United States of America, Appellee, v. Clayton Runck, Jr., Appellant, 817 F.2d 470 (1987)

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U.S. Court of Appeals for the Eighth Circuit - 817 F.2d 470 (1987)

Submitted March 13, 1987.Decided May 4, 1987.Rehearing Denied Aug. 5, 1987


Cheryl L. Ellis, Fargo, N.D., for appellant.

Allex R. Tandy, Grand Prairie, Tex, pro hac vice, for appellant.

Gary Annear, Asst. U.S. Atty., Fargo, N.D., for appellee.

Before ARNOLD and FAGG, Circuit Judges, and WRIGHT,* District Judge.

ARNOLD, Circuit Judge.

1

In this petition for postconviction relief under 28 U.S.C. Sec. 2255, Clayton Runck, Jr., raises numerous claims concerning his plea of guilty to a charge under 18 U.S.C. Secs. 844(i) and 2 of aiding and abetting an arson resulting in bodily injury. He was sentenced to nine years' imprisonment and, as was permissible under 18 U.S.C. Sec. 3579, ordered to pay restitution of $28,128.00. No fine was imposed. The District Court1 rejected each claim, and Runck appealed. This Court first summarily affirmed pursuant to Eighth Circuit Rule 12(a), but later granted rehearing upon one claim we considered not frivolous: Runck asserts that the District Court violated Rule 11 of the Federal Rules of Criminal Procedure when it accepted his guilty plea because it failed to inform him that, in addition to a maximum possible imprisonment of 20 years and fine of $20,000, Runck almost certainly would have to pay restitution. Runck contends that because of this, he should be permitted to withdraw his plea or that the restitution portion of his sentence should be eliminated. We again affirm the judgment of the District Court.

2

In Hill v. Lockhart, 474 U.S. 52, 106 S.Ct. 366, 88 L.Ed.2d 203 (1985), the Supreme Court considered a federal habeas petitioner's claim that his guilty plea was invalid as a result of ineffective assistance of counsel because his attorney supplied him with erroneous information about parole eligibility. Id., 106 S.Ct. at 369. The Court rejected the claim on the ground that the petitioner's allegations were insufficient to satisfy the "prejudice" requirement for ineffective-assistance claims established by Strickland v. Washington, 466 U.S. 668, 693-94, 104 S.Ct. 2052, 2067-68, 80 L.Ed.2d 674 (1984), since the petitioner had not alleged that had he been accurately informed, he would have pleaded not guilty and gone to trial. 106 S.Ct. at 371.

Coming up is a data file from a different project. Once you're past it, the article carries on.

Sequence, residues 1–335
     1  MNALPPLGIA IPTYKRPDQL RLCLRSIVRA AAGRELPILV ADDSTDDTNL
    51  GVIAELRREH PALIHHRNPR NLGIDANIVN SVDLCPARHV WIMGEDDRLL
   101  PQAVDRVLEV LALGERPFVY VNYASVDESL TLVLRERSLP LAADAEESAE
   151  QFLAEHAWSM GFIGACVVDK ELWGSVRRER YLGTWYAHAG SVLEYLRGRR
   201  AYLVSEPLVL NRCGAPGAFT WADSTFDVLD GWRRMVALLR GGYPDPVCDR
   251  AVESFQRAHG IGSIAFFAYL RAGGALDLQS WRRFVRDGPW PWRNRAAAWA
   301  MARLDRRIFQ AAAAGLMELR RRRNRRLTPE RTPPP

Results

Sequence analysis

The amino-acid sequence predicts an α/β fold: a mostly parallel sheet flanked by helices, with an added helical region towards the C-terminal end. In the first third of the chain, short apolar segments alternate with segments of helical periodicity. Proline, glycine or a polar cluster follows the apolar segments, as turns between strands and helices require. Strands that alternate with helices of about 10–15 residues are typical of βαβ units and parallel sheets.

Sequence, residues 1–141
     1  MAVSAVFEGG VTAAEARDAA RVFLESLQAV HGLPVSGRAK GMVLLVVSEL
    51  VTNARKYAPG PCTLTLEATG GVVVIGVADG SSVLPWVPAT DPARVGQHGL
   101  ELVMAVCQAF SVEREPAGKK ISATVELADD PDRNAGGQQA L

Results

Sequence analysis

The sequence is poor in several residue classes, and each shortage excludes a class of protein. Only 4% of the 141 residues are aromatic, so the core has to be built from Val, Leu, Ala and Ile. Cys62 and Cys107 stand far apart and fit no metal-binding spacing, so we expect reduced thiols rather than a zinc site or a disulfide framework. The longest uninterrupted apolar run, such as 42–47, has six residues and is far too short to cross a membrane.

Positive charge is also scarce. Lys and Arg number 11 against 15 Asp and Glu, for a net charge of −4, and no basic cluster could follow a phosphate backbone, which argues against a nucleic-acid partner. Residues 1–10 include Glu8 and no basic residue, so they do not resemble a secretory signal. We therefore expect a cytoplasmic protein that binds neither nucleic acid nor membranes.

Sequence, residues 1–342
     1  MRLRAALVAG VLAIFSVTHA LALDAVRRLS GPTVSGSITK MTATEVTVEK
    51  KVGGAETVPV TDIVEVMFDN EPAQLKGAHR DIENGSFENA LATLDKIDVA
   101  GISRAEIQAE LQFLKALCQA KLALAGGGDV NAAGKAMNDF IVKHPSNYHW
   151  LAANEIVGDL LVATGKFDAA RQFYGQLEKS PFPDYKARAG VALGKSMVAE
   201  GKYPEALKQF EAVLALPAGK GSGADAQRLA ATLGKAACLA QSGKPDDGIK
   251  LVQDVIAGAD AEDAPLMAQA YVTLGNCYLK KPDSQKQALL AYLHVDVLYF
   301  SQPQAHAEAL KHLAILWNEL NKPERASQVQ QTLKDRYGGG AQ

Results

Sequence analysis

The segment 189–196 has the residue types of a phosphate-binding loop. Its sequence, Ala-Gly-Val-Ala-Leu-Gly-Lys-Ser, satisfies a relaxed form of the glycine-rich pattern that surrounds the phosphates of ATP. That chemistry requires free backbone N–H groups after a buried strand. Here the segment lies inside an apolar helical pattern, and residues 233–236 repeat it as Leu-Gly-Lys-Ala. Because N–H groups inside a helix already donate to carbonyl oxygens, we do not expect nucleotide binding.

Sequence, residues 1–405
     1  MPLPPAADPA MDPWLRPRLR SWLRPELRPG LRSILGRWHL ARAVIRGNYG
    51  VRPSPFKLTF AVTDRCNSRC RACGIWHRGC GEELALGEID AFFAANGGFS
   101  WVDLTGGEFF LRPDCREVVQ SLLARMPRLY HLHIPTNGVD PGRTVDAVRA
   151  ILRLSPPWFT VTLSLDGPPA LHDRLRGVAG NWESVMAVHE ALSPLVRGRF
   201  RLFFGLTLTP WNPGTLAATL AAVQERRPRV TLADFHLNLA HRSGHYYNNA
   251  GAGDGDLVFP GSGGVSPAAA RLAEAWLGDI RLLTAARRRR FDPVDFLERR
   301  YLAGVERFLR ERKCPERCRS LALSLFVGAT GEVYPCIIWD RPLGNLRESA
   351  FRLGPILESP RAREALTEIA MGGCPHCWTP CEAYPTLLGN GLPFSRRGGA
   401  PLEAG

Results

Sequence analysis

3

Runck's petition is similarly defective. While his claim is not an ineffective-assistance-of-counsel claim like that in Hill, causation is nonetheless an element he must allege and prove. Runck's complaint does not allege that he would have pleaded not guilty had he known that restitution was possible. Nor does it allege "special circumstances that might support the conclusion that he placed particular emphasis on [the possibility that he would be ordered to pay restitution] in deciding whether or not to plead guilty," Hill, 106 S.Ct. at 371. Indeed, Runck pleaded guilty even though he knew that a $20,000 fine might be imposed. Accordingly, even if Rule 11 was violated, postconviction relief would not be appropriate, because the violation is not causally connected to Runck's plea and conviction.

4

We therefore affirm the judgment of the District Court.

1

The Hon. Bruce M. Van Sickle, Senior United States District Judge for the District of North Dakota